So, it snowed here last night, and everyone in my surrounding area is in a tizzy because now it’s a White Christmas (a Christmas with snow on the ground for those who don’t know what that is). And, for some reason I can’t explain, we’re supposed to love and cherish memories of a White Christmas more than any other. No, seriously, it’s in the rules. My facebook feed is full of people saying OMG! Snow, it’s a White Christmas! This is great! Like, you know, if it had rained instead of snowed, or, gods forbid, been sunny… Christmas would have been ruined somehow and all of that time spent with friends and family on this one day would be somehow less memorable because — no snow. I’m being slightly sarcastic here, but totally serious too. I mean, I get it, I understand that having no snow doesn’t take away from Christmas… well, at least I hope it doesn’t. It doesn’t for me anyway, and it only adds to the feel of Christmas, but why does snow even enter the equation? Surely this doesn’t all hang on that stupid movie/song from the 1950’s? It wasn’t even that great of a movie. I mean it was okay as those movies go, but mostly it was a carriage for the stupid song. The original movie (Holiday Inn) was slightly better, but not much…
I wonder if the people who wish or “dream” of a White Christmas know about the origins behind many of traditions they follow vis-à-vis Christmas and the winter holidays? I mean, most of the traditions were built up to ward off long winters and welcome back the sun. Snow, especially plentiful snow, was a bad thing because it buried the land, drove away game, and killed the crops. Too much snow for too long and people started to die. But hey, that was a long time ago and we don’t have to worry about that in *most* countries nowadays. So, let’s all wish for a White Christmas, I guess and forget why we light the Yule Log and feast with our friends and family.
I personally, enjoy the snow because I’ve never had reason to go out into the snow. Not for very long anyway. Ha! I’m all about “…since we’ve no place to go, let it snow, &c… ” Give me hot coffee (or cocoa if there’s no coffee), and something to read, and I’m good with snow. I can and have trudged through it to get from point A to point B without too much issue, but I’m not one to play in the snow. It’s cold, and my extremities tend to freeze easily. No, I’m serious. It doesn’t matter how many layers of gloves, mittens, or socks I have on, my fingers and toes will freeze to the point where I’m loosing blood in them. It’s a relatively new phenomena for me, that started happening about… eight? years ago. They call it Raynaud’s phenomenon (or syndrome) and, as usual, the doctors are not sure why my digits are doing it. But the first time it happened, it scared the piss out of me. I mean, I had two layers of socks on and I was riding in a heated truck, with a blanket over me, but several toes on my right foot were so frozen I could hardly walk. I thought I had frostbite, though I couldn’t figure out why… The second time it happened it was the fingers on my right hand, just from walking to my apartment from my job (about three blocks away). That’s when I knew something was wrong… But again, no one knows what’s going on, so I just avoid extreme cold like the plague.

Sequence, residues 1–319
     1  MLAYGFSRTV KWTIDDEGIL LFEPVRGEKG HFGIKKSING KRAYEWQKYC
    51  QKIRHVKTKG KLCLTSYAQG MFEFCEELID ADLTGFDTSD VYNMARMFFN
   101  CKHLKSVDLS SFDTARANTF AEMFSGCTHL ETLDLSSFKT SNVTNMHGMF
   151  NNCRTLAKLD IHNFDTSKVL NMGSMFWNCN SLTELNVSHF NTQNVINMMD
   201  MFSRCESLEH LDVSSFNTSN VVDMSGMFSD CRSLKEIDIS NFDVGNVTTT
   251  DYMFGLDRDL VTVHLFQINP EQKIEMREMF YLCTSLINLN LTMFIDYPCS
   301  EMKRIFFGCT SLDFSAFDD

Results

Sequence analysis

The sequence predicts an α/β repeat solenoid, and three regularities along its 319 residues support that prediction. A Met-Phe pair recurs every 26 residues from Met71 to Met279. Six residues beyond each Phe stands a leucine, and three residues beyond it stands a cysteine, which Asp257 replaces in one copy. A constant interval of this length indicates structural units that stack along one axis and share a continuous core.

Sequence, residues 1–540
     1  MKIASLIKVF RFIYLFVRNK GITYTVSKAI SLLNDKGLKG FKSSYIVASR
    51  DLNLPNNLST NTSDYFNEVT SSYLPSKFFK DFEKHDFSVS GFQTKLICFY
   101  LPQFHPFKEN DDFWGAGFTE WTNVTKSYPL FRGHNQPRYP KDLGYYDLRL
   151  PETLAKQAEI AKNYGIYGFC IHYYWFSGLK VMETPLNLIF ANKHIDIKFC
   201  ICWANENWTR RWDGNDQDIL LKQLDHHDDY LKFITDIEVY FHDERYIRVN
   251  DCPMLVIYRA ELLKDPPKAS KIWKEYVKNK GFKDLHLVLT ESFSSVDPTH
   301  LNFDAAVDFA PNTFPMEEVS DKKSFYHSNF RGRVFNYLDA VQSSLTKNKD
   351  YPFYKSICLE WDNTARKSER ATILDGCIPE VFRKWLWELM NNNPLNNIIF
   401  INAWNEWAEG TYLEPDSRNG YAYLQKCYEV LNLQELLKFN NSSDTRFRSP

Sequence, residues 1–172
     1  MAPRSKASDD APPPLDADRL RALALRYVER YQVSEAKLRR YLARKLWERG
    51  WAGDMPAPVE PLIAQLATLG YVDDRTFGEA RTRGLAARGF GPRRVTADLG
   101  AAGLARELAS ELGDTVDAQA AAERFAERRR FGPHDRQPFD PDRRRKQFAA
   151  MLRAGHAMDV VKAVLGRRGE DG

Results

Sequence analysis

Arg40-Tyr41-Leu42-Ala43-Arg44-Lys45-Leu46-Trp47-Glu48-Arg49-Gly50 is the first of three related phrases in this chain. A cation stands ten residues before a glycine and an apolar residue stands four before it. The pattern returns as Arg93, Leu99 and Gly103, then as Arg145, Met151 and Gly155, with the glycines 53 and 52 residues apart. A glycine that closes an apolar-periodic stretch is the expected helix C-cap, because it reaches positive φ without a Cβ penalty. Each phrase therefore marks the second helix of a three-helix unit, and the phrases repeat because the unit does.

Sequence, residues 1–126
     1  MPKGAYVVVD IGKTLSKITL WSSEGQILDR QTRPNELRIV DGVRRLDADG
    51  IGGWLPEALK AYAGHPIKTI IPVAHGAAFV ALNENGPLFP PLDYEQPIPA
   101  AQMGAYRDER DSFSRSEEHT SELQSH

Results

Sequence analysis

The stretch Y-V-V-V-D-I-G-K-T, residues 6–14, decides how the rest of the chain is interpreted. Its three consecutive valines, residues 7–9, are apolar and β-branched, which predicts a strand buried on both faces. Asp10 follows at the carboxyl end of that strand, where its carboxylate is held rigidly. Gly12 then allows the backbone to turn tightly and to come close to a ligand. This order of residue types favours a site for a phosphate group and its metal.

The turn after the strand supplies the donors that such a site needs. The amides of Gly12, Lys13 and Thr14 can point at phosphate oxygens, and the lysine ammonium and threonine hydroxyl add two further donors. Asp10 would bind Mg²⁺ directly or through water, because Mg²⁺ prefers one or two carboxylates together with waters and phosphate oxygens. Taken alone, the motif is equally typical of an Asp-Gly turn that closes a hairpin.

So anyway, I got off on a tangent (because that never happens on this blog… ^_^). My original point was that even though it snowed last night and we now officially have a “White Christmas” I don’t believe that makes this Christmas any better than if it hadn’t snowed during the night. I mean, are there truly people who went to sleep last night thinking, Christmas is going to suck balls if there isn’t snow on the ground tomorrow? I mean, I get it, the snow adds to the feel of Christmas here in the United States. I understand that, because we’re taught from a very young age that Christmas = winter = snow, and it doesn’t matter where we live in this great nation of ours. I mean, I grew up in California and I still kinda/sorta expected snow at Christmas even though California, at least the part of California I grew up in rarely got snow. Rarely as in it snowed, like once the entire time I lived there. Once. Our parents woke us up and brought us outside to see it and it was damned awesome at the time. It coated the ground with a very thin layer that was gone by noon. Now that was a cherished memory, because it was so rare. But snow at Christmas? phhhh. If it snows it snows, if it doesn’t it doesn’t. Christmas will come and go either way.
And having said that, have a Merry Christmas (white or otherwise) to all who celebrate it. Keep a thought out for Doug, who’s traveling to Oregon where his sister lives so he can meet with his dad and sisters. They all decided to get together this Christmas and he figured he’d go and see them while they were all in one place. I am not well enough to make that trip… Anyway, snow, as pretty as it is, does not make a good traveling companion, y’all. So spare a thought for him and everyone else traveling today and in the days to come.